Otis Tufton Mason
Mason was born at Eastport, Maine, the son of John and Rachel Mason. In 1850, the Masons purchased Woodlawn Plantation, the former home of George Washington's adopted daughter Nellie Custis and her descendants. Otis Mason gave a portion of the property in 1872 to establish the Woodlawn Baptist Church, and preached there for the first four years, until a minister was appointed.
He graduated from Columbian University in 1861, then worked there for 23 years, as principal of the college's preparatory school (1861–84). He first became affiliated with the United States National Museum in 1872, working as a collaborator in ethnology. This in 1884 turned into a full-time position as curator. The Smithsonian had recently built its first purpose-built museum building, the U.S. National Museum building (or Arts and Industries Building). Mason worked closely with George Brown Goode in the installation and reorganization of the museum collections that came with the move into that new building. In 1879 he was one of the founders of the Anthropological Society of Washington, and authored its constitution.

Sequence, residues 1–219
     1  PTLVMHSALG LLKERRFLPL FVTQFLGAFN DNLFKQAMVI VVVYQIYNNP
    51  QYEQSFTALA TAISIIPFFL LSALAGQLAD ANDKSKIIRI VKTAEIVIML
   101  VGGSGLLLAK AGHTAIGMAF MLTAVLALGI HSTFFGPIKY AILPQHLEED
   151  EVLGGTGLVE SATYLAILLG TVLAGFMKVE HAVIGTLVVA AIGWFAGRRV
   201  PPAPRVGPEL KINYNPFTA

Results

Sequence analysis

As part of his curation work at the Smithsonian, Mason developed the culture area concept. Mason was anthropological editor of the American Naturalist and of the Standard Dictionary. He believed in Gustav Klemm's step-wise evolution of cultures and that technology was a marker of a culture's stage of development.
- Otis Tufton Mason, "Aboriginal American basketry: studies in a textile art without machinery," Annual Report of the Smithsonian Institution for the Year Ending June 30, 1902, Report of the U.S. National Museum, Part II (Washington: Government Printing Office, 1904), pp. 171–548.
- Otis Tufton Mason, The Origins of Invention: A Study of Industry Among Primitives Peoples (London: W. Scott, Ltd., 1895).
- Otis Tufton Mason, Summaries of Progress in Anthropology; Woman's Share in Primitive Culture (1894). [BAD LINK]